Provencal Tian ready for long slow roasting
Recently on Michael Rhulman’s blog, he discussed the reason why he cooks and challenged other food bloggers to do the same. I ponder this often. What was the original reason I chose to cook? What was the motivation? How did this love of cooking evolve to the present day?
I first caught the cooking bug when I was 7 years old living in Morocco. My older brother had a good friend who’s father loved to cook and would invite us to his house for great meals. My parents would show so much appreciation and respect for this man’s skill. I wanted that same level of appreciation and respect. He cooked from a book called “la Cuisine est un jeu d’enfant” (cooking is child’s play) and I figured I could cook from that book as well. Under my mother’s watchful eye, I started to cook from the book. I wanted to be left alone to cook without supervision. I had some success and continued to cook other dishes from the book. I invited my teacher to come eat at our house and my parents would invite their friends. I also started to make cocktails for these guests from a Playboy bartender’s Guide (can you imagine if you told people these days that your seven year old was making cocktails for you).
So I would say my main reason for wanting to cook was for appreciation and respect. We always ate very well. So it certainly wasn’t out of necessity for survival. Some have told me their parents were such bad cooks they were forced into action so they could have something edible for dinner.
As I got older, I found cooking was even more powerful. It could help me hook up with girls. I also learned to give good massages for the same reason. I found out you could really touch (figuratively and literally) people with these two skills.
After my time at the University and a couple years attempting to live a 9-5 life. I decided to go to culinary school. Now my hobby had to become my profession. I jumped into that world and decided I wanted to learn as much as possible. I wanted to become a specialist. I saw the respect and admiration my Instructors garnered, which further fueled desire to cook.
When I started to cook professionally, I initially became de-motivated. It was hard stressful work and the people I cooked with had no appreciation or respect for the limited skills I had. I then decided come hell or high water I would earn their respect. I would work for the best. I would go to France. I would get skills clearly setting me apart from the rest.
Back to the bottom of the heap. But working in France taught me how much better cooking can be. The masters garnered respect and appreciation at a level unheard of in the US in the 80′s. I would tell French people I was working at Georges Blanc and their eyes would light up. Paul Bocuse, George Blanc, Roger Vergé and Joël Robuchon among many others were national heroes in France.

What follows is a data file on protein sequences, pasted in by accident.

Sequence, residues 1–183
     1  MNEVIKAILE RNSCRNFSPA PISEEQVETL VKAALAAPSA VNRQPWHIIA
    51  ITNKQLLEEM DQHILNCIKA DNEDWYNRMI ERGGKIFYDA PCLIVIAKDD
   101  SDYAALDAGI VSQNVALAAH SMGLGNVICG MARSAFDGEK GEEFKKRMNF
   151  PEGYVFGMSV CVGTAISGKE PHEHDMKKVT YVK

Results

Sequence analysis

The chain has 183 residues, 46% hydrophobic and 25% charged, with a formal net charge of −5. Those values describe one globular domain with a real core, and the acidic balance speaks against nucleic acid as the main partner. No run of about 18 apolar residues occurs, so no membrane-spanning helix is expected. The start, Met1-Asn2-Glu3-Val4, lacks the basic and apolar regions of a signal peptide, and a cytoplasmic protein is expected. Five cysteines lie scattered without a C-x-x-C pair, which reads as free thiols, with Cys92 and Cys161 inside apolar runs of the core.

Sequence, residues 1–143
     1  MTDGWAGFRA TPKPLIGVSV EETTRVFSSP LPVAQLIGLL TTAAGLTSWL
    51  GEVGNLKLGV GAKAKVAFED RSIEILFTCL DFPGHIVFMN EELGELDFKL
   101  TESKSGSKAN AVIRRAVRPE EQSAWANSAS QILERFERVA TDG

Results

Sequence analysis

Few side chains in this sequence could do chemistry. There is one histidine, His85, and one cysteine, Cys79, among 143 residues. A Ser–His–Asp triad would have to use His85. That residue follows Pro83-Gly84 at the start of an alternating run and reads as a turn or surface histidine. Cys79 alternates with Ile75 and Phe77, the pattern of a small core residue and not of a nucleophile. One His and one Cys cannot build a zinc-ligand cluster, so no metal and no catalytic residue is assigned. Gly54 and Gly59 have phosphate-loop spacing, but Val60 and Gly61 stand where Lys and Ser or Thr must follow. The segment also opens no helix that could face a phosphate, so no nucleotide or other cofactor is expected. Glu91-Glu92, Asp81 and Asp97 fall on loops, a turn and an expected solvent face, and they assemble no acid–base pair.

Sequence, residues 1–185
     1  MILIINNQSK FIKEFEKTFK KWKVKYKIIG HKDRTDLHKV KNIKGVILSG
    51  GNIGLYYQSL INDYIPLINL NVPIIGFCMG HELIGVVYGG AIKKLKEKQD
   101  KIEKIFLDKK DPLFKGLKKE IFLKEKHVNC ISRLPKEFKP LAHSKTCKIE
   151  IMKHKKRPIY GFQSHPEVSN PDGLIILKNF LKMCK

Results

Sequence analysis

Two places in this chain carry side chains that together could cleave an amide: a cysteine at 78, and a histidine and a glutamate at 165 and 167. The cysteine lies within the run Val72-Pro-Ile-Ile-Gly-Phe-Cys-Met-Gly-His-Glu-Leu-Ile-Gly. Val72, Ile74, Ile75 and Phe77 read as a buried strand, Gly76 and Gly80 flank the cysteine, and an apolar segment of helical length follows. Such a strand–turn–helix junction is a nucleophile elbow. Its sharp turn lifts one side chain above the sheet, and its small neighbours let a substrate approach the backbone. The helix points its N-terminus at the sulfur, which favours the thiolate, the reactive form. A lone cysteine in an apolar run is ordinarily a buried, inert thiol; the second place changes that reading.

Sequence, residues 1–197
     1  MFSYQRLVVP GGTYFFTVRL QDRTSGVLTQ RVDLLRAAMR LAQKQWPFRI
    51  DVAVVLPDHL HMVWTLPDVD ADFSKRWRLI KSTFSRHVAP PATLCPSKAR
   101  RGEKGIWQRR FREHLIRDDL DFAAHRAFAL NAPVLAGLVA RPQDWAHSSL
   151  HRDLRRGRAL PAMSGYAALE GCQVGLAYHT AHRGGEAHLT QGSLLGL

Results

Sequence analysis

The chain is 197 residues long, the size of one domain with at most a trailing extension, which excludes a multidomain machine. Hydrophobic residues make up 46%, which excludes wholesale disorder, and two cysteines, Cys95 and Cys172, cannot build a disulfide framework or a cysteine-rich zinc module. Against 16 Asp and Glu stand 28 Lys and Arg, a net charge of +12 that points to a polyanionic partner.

Came back to the US and realized that regardless of your background and history you still have to prove yourself in a professional kitchen. What I brought back from France was a profound respect for the process involved with cooking. Cooking required skill, knowledge, repetition and the use of all your senses. I became a craftsman.
I stumbled into teaching Culinary School quite by accident and at first I was intent passing on the skills necessary to survive in a professional kitchen: discipline, hard work, organization and ability to withstand abuse. Then it struck me that what I really wanted to get across to my students is the passion involved in cooking. Once you have the passion all else falls into place.
People always ask my wife if I do all the cooking at home. “You must eat really well” they say to her.
When I was working in kitchens and single the last thing I wanted to do on my day off was cook. Chefs are notorious for empty fridges. They might have a tombstone in the freezer nestled in with a bottle of Vodka, some slightly moldy salsa with a gallon of milk and 12 pack of beer.
When I got married and started teaching, I was around food all day and would eat what we made. I would come home satiated and unexcited to cook. So my wife took on the chore. Fortunately she is a good cook.
Recently I have been the one feeding the family. I have a new perspective after 22 years of Professional cooking.
I cook because I love the process of cooking. Thinking through a dish and learning from it.
I cook because I know I can cook as well or better and for a lot cheaper than most any restaurant we might eat at.
I cook because I am in control of every element of the process. I am ultimately responsible for the outcome. If I mess up (it can happen) then I take stock and learn from it.
I cook because it allows me to explore the unknown. If I cook the cuisine from a country I have never been to, it allows me to take that journey through the food. It might not be the way the food is actually made in that country but that’s ok. If I go there eventually, you can bet I will be looking for validation and authenticity.
I cook because it is a creative outlet that allows me to use all my senses and imagination.
I cook because I love to eat good food. Important to note that good food does not mean it has to be expensive.
I cook because I want my wife and children to eat good healthy food and open them up to the vast world of food.
I cook because I still love to see that look of satisfaction on the face of the people I cook for. Which really goes back to the main reason I started to cook in the first place.
Why do you cook? Leave a comment or share your blog post.
Filed under: Pulling the wool off, The flock | Tagged: Cooking for the family, France, la cuisine est un jeu d'enfants, Michael Rhulman, Why I cook | Leave a comment »